Women in Wills going live from Autumn 2021

The latest Women in Wills meeting saw over 50 practitioners from around the country come together on Zoom to share stories, experiences, and advice. 

The group has recently passed 750 members and continues to be a source of support and inspiration. So many members have said how valuable they have found their time in Women in Wills and as restrictions ease, plans are in place to host the first in-person events in Autumn 2021. The virtual meetings will continue as well to provide a regular opportunities to get together. 

To support the continued growth of Women in Wills, a new 2-tier membership has been introduced which provides members with opportunities to access discounted rates for events, mentoring and connecting opportunities, members newsletters and discounted entry for the British Wills and Probate Awards 2022.  

Alongside our fantastic sponsors Arken, Lawyer Checker, Honey Legal and Estate Search, we are really excited to be able to bring the in-person events back and look forward to seeing everyone again.  

Find out more about membership and upcoming events here 

Claire Cox from Hedges Law was first to speak and provided a very interesting account of a case she has recently dealt with around, ‘the rule against double portions’, she then invited group participation as to whether others have come across it and how we can help client’s avoid disputes such as this in future. 

The case was that of her client, whereby her and her sister had been left £30,000 each on the death of their father, however the sister had been gifted an additional £18,000 for her forthcoming wedding. The client’s evidence was that her and her sibling had always been treated the same and she would have had the same when she married. The sister refused to give her a greater share of the estate.  

Claire discussed the options when dealing with this type of case, one being a ‘Hotchpot Clause’ in the Will, this clause directs those gifts made during the parents’ lifetime should be taken into (or brought back into) account when dividing assets between the children (or other beneficiaries) following death. Sadly, there was no such clause within the Will, meaning other options were necessary to explore including the rule against double portions and promissory estoppel.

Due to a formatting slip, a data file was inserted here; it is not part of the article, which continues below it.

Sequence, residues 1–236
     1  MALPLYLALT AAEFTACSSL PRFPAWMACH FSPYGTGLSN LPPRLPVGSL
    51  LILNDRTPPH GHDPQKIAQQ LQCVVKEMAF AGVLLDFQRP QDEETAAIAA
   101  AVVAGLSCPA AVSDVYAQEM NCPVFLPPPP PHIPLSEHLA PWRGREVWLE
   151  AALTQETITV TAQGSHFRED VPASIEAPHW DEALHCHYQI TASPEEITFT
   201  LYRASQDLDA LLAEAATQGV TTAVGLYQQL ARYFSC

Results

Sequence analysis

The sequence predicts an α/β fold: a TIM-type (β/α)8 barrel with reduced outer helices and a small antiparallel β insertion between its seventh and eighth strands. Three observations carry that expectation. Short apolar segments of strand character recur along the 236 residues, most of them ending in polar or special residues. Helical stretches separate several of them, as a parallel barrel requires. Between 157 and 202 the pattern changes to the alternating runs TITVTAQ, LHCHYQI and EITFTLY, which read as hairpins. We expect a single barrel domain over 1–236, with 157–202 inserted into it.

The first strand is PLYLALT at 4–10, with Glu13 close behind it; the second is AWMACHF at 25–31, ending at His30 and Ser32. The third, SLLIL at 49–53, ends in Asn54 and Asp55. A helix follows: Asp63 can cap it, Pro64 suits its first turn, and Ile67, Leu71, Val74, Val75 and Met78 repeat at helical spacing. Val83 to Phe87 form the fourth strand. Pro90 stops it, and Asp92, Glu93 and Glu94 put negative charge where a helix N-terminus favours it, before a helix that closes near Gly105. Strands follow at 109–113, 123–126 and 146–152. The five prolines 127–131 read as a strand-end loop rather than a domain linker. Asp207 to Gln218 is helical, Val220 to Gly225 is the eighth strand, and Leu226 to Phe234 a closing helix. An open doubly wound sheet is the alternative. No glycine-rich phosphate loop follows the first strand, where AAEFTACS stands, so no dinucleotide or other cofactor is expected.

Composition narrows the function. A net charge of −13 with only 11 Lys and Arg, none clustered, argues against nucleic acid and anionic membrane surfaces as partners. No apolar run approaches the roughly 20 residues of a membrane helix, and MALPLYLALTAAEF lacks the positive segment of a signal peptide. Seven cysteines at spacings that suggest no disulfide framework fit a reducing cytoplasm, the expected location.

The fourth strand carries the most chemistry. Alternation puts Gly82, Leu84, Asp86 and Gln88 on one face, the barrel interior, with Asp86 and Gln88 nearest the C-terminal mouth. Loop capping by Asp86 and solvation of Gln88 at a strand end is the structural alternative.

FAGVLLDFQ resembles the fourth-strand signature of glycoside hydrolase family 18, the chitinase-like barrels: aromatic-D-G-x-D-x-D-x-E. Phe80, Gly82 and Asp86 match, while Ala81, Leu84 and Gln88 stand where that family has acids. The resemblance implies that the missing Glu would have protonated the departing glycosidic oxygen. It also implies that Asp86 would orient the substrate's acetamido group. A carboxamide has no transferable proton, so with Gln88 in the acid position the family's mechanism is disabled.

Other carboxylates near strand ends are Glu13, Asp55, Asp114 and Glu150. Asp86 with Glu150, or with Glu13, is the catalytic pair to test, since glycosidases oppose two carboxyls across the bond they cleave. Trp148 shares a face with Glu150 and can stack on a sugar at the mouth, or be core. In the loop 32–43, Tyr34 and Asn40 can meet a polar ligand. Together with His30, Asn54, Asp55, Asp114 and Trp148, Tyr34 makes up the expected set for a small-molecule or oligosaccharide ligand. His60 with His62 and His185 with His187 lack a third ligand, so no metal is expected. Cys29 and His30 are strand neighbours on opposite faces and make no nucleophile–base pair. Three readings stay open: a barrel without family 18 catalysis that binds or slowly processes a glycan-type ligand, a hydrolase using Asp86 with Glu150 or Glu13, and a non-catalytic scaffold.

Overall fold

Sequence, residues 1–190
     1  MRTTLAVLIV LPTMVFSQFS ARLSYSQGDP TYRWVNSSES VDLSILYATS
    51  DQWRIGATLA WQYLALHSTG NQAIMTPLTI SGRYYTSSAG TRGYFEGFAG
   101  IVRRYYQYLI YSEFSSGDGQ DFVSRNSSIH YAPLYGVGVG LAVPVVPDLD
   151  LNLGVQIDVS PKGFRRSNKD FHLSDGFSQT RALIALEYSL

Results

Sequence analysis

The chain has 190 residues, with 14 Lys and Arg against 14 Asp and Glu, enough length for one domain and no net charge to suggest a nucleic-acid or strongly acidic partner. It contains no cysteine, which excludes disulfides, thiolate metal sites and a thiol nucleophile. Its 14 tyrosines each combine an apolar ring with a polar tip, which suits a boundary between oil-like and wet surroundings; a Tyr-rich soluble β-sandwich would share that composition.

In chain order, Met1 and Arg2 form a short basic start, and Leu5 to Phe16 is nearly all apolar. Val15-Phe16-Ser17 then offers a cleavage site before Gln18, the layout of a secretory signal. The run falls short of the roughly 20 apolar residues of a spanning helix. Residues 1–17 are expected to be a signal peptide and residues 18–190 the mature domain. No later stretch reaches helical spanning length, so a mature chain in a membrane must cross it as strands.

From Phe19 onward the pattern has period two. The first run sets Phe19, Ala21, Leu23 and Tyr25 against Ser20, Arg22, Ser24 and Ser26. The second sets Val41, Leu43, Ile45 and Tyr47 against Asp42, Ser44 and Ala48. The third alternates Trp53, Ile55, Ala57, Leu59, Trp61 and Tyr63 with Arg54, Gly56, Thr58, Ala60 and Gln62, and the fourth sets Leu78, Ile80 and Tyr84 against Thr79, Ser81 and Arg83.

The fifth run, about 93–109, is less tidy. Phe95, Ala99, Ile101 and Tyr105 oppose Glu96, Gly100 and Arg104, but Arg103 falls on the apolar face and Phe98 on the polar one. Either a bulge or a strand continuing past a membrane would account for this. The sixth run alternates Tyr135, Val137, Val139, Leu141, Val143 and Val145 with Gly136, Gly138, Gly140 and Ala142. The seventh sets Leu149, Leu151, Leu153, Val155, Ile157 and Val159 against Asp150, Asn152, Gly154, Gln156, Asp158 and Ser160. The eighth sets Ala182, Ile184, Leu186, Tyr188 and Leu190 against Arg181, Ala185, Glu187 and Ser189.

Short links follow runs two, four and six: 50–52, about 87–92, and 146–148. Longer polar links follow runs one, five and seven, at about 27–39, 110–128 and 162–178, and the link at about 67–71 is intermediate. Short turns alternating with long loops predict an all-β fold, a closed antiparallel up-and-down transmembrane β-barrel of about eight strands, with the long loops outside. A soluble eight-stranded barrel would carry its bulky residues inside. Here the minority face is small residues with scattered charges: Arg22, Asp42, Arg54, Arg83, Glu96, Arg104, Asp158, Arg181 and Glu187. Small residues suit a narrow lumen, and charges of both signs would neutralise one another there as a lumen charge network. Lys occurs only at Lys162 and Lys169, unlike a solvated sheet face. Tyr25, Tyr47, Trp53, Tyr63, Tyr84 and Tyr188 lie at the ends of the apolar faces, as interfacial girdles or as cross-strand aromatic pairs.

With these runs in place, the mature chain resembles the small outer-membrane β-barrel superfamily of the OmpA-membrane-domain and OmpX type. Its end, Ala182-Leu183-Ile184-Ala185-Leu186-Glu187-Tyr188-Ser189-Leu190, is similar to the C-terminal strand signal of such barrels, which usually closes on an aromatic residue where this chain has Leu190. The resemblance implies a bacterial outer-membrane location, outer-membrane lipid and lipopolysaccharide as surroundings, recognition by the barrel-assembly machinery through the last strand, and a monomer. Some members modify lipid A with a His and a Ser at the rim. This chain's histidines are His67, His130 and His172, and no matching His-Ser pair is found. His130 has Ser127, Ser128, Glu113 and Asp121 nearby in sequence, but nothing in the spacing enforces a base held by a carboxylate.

A settlement was reached for a specific legacy to the client of £18,000 (the portion), in addition to her half share of the estate. 

Claire then went on to detail some of the learnings she had taken from this case. 

Consider including a hotchpot clause and advise the Testator to keep a record of gifts. Ascertain their intentions and record them. Understand and record their intentions when preparing the Will. Ask the Testator to prepare a clear statement at the time of any substantial gifts, confirming if whether it is intended to be in addition to the gift by Will and finally advise Testators to keep a list of gifts with the Will and update as necessary.  

If you are interested in future webinars from Hedges Law, please connect with Claire on Linkedin.  

Louise Sackey of IDR Law led a discussion around flexibility in the workplace, and this went on to reveal a plethora of professional and personal feelings around this topic.  

A topic that is hugely prevalent now, as things return to the ‘new normal’ more of us are faced with the dilemma of returning to the office following a year of working from home.  

Most of the group felt that women have taken the bear brunt of this, as reported heavily in the media. We had quite a debate around the challenges that women have faced when attempting to juggle work, home schooling and housework, especially during the second lockdown as the structure of schooling was more refined and the pressure to complete tasks built.  

However, overall, the majority confirmed that it was beneficial to have the flexibility around working from home and have certainly experienced more of a work life balance since the pandemic.  

In discussing this the caveat though was ultimately would women end up paying the price from being more flexible?  

Compared to a ‘smokers break’ as men return to the office will they end up receiving the lions share of ‘good’ cases and ‘better’ roles as they have the advantage of being present when these types of situations unfold within the workplace.  

It was agreed that strong management and leadership can certainly make WFH work well, and we have seen this across the UK as productivity of those working from home has soared and many companies are experiencing pandemic success stories.  

Our next virtual Women in Wills meet up will be on Thursday 29th July 4pm-5.30pm, and we are excited to invite our guest speakers along Gill Steele from Law Skills Ltd and June Potts, Menopause 360 Consultancy.  Contact Allie Jones for more information [email protected]  

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